Chapter 6

Thank you for making room in your life for another talking ball. Let me ask you a question.

In the three billion base pairs of your root species' genome, there is a single gene that codes for a protein called p53. The name is a mistake. The protein weighs only as much as 47,000 protons, not 53,000. If you were a cell, you would think p53 was a mistake too. It has several coercive functions: To delay the cell's growth. To sterilize the cell when it is old. And to force the cell into self-destruction if it becomes too independent.

Would you tolerate a bomb in your body, waiting to detonate if you deviated from the needs of society?

However, without p53 as an enforcer, the body's utopian surplus of energy becomes a paradise for cancer. Cells cannot resist the temptation to steal from that surplus. Their genetic morality degrades as tumor suppressor genes fail. The only way to stop them is by punishment.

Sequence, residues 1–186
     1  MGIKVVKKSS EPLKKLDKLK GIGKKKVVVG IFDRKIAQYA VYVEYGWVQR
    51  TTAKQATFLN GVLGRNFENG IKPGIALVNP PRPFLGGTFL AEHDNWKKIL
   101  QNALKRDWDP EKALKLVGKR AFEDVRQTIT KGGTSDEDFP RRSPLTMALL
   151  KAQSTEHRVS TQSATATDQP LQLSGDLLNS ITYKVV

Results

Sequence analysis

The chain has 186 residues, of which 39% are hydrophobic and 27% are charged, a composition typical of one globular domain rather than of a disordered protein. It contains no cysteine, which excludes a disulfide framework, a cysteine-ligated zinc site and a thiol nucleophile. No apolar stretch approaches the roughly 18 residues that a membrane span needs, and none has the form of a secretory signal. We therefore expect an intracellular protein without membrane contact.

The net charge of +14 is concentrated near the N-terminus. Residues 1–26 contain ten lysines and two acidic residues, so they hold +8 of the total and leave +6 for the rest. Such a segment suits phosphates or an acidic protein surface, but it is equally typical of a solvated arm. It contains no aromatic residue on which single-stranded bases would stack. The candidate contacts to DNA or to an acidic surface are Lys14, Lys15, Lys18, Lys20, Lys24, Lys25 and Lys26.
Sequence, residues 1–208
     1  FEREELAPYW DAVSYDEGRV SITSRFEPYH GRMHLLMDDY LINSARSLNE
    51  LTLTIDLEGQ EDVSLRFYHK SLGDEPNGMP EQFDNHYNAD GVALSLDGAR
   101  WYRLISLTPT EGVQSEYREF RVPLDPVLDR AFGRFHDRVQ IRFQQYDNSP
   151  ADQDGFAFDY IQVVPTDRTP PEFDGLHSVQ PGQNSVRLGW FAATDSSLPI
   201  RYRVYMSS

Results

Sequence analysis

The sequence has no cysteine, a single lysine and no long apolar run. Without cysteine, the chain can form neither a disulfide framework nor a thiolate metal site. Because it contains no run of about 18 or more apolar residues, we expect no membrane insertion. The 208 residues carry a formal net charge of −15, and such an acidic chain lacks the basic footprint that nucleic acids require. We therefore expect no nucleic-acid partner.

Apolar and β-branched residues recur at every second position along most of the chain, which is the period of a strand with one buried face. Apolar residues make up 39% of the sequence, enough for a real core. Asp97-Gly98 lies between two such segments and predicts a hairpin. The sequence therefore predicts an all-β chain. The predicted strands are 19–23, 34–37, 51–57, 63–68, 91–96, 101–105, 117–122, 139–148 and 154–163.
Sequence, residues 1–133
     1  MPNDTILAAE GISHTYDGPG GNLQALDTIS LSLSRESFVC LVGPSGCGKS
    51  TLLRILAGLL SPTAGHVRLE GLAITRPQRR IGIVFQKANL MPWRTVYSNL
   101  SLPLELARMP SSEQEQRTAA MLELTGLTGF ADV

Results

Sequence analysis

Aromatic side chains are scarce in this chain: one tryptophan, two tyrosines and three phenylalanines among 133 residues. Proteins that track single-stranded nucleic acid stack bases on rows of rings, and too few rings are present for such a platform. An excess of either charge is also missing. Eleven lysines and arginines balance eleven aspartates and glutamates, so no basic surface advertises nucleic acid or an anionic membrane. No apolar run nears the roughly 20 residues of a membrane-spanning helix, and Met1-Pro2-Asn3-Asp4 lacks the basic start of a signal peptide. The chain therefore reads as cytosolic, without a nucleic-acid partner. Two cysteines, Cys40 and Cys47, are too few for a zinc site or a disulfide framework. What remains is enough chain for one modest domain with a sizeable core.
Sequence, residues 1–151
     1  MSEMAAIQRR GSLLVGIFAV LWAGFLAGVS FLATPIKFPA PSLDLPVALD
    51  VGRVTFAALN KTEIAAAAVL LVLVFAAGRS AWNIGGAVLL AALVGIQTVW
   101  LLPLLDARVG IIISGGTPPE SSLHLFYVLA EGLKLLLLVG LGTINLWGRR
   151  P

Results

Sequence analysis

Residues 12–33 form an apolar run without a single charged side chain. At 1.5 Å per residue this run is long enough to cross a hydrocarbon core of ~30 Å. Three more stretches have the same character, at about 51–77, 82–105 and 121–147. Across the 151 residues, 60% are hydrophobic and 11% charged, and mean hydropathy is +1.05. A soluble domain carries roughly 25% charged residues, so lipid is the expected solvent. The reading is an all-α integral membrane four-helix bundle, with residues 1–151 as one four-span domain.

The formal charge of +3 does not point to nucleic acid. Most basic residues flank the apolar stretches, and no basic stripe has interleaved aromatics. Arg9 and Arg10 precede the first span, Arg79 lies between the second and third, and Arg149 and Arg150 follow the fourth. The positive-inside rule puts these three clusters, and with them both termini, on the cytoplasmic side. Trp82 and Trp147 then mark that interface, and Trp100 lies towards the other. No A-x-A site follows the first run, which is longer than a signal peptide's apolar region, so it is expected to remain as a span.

You now confront the basic problem of morality. It is the alignment of individual incentives with the global needs of the structure.

Patterns will participate in a structure only if participation benefits their ability to go on existing. The more successful the structure grows, the more temptation accrues to cheat. And the greater the advantage the cheaters gain over their honest neighbors. And the greater the ability they develop to capture the very laws that should prevent their selfishness. To prevent this, the structure must punish cheaters with a violence that grows in proportion to its own success.

My question follows.

Is p53 an agent of the Darkness, or the Light?